A Death in the Family
A couple of weeks ago, my friend Bobby died. Bobby was a man who didn’t believe in small feelings. If he was annoyed (infuriated), moved (sobbing), nervous (frantic), or amused (howling with laughter)—you knew it. He could drive me up a wall, in a way that only a member of your family could. But in keeping with the “extra” he gave to every moment of his life, he never just said goodbye. He always insisted on a hug, and always said he loved you, prompting the expected “love you back.”
Bobby was hospitalized on a Wednesday. There was bleeding in his brain, which required emergency surgery. On Thursday, a CT scan indicated very little activity in his brain stem. On Friday, we learned that a complete MRI would be done, just to be sure.
On Saturday, the results confirmed what we already suspected: that Bobby had essentially died three days before. On Sunday, calls were made to line up potential recipients of Bobby’s kidneys, lungs, and liver.
To be honest, we had some doubts about passing his liver on to anyone else; in keeping with his emotional state, Bobby rarely limited himself to just one drink. But tests confirmed that his liver could be donated to someone in need of one, and I posited that his liver was simply superhuman.
Plans were made to turn off the machines the next evening. On Monday, Bobby was early for once in his life: he passed away hours before he was scheduled to. This meant that no one would be gifted with his superhuman liver, but it also meant that no one had to make that painful decision on his behalf.
I met Bobby 10 years earlier, when I joined the Gay Men’s Chorus of Washington because I realized that all of my close friends were straight. Almost immediately, I had a little gay family, which consisted of Bobby, his boyfriend (later husband) Matt, our friends John and John (who would eventually marry and divorce and remain friends through it all), and then my boyfriend and me (we would thankfully not marry, and I’ll leave it there).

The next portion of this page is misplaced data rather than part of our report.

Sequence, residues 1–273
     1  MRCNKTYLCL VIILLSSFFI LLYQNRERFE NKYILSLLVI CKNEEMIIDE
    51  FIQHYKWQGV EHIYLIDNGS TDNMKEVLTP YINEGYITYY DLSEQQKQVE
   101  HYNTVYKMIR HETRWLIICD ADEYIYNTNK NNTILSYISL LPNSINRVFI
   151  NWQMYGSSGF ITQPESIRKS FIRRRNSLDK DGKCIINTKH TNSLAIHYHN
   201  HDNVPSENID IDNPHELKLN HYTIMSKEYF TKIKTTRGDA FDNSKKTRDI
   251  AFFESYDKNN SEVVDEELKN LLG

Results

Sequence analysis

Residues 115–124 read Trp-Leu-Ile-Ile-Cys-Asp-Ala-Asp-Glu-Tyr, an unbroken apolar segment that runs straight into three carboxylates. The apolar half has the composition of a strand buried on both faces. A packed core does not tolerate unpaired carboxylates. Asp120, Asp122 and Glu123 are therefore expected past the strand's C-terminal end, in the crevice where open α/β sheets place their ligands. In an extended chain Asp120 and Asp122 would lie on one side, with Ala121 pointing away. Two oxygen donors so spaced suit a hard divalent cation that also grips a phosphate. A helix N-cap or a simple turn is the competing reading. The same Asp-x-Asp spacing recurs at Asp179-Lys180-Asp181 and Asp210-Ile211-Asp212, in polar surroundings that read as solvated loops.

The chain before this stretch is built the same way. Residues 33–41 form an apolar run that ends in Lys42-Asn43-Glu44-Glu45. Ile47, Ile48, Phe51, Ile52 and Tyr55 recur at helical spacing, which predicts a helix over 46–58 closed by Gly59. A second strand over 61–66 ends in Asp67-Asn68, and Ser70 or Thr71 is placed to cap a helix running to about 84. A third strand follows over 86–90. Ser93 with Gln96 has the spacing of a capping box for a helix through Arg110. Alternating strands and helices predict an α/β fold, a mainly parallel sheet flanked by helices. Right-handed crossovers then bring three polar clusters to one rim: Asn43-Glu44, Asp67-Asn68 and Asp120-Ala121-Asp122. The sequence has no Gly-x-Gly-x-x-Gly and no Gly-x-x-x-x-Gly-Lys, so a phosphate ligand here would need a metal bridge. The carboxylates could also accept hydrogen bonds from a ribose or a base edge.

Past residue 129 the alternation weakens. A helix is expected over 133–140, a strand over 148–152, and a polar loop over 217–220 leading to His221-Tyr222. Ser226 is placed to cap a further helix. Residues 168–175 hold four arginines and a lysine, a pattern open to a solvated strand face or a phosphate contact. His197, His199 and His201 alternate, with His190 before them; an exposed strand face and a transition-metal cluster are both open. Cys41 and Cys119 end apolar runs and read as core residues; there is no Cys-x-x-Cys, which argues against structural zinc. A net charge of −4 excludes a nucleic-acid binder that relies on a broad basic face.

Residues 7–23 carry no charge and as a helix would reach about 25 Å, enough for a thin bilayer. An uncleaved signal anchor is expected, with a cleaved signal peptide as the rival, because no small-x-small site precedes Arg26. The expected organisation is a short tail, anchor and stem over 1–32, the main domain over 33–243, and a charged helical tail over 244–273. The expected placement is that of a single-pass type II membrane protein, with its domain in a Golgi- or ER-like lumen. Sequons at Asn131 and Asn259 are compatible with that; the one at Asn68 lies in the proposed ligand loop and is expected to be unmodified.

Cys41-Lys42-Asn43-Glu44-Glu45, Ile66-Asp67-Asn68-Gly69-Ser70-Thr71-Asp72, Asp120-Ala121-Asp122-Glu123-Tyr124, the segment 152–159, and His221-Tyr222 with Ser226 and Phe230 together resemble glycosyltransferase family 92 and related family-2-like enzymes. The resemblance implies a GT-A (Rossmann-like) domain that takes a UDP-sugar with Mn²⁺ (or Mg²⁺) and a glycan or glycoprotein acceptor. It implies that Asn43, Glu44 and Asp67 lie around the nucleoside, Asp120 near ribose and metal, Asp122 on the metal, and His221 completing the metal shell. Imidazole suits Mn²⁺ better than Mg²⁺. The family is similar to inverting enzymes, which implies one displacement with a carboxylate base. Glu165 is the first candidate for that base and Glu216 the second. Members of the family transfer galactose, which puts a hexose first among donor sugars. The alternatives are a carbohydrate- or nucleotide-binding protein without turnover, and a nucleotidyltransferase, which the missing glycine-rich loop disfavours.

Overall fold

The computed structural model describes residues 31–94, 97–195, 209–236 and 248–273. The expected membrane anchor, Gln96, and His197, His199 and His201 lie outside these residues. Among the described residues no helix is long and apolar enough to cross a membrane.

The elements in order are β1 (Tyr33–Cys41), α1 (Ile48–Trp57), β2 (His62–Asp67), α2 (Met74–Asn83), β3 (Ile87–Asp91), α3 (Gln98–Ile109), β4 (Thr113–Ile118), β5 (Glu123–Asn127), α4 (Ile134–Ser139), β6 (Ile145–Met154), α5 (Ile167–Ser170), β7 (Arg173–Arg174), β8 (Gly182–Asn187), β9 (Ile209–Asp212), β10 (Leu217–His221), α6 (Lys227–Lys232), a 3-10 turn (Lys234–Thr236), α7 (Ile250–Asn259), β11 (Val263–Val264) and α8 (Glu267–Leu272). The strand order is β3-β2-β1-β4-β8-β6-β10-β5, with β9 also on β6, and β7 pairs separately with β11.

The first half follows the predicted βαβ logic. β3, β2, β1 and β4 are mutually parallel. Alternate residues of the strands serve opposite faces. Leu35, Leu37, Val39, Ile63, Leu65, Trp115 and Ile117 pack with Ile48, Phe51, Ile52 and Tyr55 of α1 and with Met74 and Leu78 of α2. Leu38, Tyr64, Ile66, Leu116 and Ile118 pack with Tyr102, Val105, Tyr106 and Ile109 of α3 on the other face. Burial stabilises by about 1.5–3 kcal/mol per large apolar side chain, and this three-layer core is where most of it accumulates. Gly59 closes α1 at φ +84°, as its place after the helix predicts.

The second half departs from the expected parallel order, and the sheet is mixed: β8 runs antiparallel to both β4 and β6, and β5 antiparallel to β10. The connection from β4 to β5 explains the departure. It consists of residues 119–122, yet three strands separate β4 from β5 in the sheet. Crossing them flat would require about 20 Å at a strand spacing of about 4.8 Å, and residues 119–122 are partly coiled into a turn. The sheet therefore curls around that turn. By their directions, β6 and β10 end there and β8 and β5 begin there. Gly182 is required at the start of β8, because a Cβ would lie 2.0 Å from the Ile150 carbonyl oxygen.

For a decade, we sang together, laughed together, drank together, fought together, and made up together. We saw each other through marriages, new pets, breakups, newly discovered siblings (another column for another day), career changes, home purchases, and many, many, many cocktails—although Bobby usually opted for a simple shot of vodka. Over time, the family grew and changed, but Bobby and I never left each other’s inner, inner circles.
The last time I saw Bobby was the Sunday before he was hospitalized. It was a boozy brunch that happily coincided with his 49th birthday. When we parted, I had no idea that I’d never see him alive again. After I said goodbye, he hugged me tight. “I love you,” he said. I might have rolled my eyes, but I told him that I loved him back. I’m grateful that those were the last words I spoke to him.
It was just the next Wednesday when I joined seven other friends at the Washington Hospital Center to sit and wait with Matty as Bobby underwent surgery. After he had been transferred to the ICU, I filled out the paperwork so Matt could ask the nurses questions. On Friday, Bobby’s family came to town from Arkansas. Some of us played chauffer, some of us opened our homes so that people could be nearer to the hospital, some of us made enough food for an army.
On Sunday night, Bobby’s father, mother, and sister sat and ate with over 20 gay men who laughed, cried, and told funny stories. It was the first time Bobby’s family of origin had ever met his family of choice, and while it was a truly beautiful experience, Bobby wasn’t there to see it, which just amplified the tragedy.
Bobby and I were born in 1970. Unlike the gay men just a little bit older than we were, we didn’t know what it was like to spend weeks in hospitals and attend funerals on a weekly basis. Having just missed the plague, this was a new experience for me. And as profoundly sad as I was and still am, I’m also so very proud of our little family—the way we’ve carried each other through this, with a strength that we learned from the families of choice that came before us, whether we knew it or not.
Rest in peace, Bobby T. Boaz. I lift a shot of vodka in your memory…and then I pour it into a martini glass filled with cranberry juice with a dash of Triple Sec, because I’m not an animal. And I love you back…always. ▼
Eric Peterson is a diversity & inclusion educator and pop culture enthusiast living in Washington DC. He is the co-host of a weekly podcast about old movies.